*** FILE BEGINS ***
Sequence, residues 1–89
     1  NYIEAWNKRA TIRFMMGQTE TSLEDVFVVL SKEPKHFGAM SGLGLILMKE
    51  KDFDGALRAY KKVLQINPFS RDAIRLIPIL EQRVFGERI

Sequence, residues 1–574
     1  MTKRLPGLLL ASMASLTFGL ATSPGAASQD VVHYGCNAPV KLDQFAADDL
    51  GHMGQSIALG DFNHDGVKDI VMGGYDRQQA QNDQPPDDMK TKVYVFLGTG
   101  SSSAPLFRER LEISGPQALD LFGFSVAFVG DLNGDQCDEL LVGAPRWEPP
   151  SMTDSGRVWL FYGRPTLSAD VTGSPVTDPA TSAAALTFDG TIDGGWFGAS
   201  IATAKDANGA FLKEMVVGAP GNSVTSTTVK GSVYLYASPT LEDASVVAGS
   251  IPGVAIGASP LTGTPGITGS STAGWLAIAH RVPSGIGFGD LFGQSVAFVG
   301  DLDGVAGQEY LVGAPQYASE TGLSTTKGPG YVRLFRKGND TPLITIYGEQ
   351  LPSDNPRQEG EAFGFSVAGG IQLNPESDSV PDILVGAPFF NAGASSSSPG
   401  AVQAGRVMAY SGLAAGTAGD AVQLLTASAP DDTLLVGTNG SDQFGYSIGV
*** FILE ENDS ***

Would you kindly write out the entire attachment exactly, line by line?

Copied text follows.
Sequence, residues 1–89
     1  NYIEAWNKRA TIRFMMGQTE TSLEDVFVVL SKEPKHFGAM SGLGLILMKE
    51  KDFDGALRAY KKVLQINPFS RDAIRLIPIL EQRVFGERI

Sequence, residues 1–574
     1  MTKRLPGLLL ASMASLTFGL ATSPGAASQD VVHYGCNAPV KLDQFAADDL
    51  GHMGQSIALG DFNHDGVKDI VMGGYDRQQA QNDQPPDDMK TKVYVFLGTG
   101  SSSAPLFRER LEISGPQALD LFGFSVAFVG DLNGDQCDEL LVGAPRWEPP
   151  SMTDSGRVWL FYGRPTLSAD VTGSPVTDPA TSAAALTFDG TIDGGWFGAS
   201  IATAKDANGA FLKEMVVGAP GNSVTSTTVK GSVYLYASPT LEDASVVAGS
   251  IPGVAIGASP LTGTPGITGS STAGWLAIAH RVPSGIGFGD LFGQSVAFVG
   301  DLDGVAGQEY LVGAPQYASE TGLSTTKGPG YVRLFRKGND TPLITIYGEQ
   351  LPSDNPRQEG EAFGFSVAGG IQLNPESDSV PDILVGAPFF NAGASSSSPG
   401  AVQAGRVMAY SGLAAGTAGD AVQLLTASAP DDTLLVGTNG SDQFGYSIGV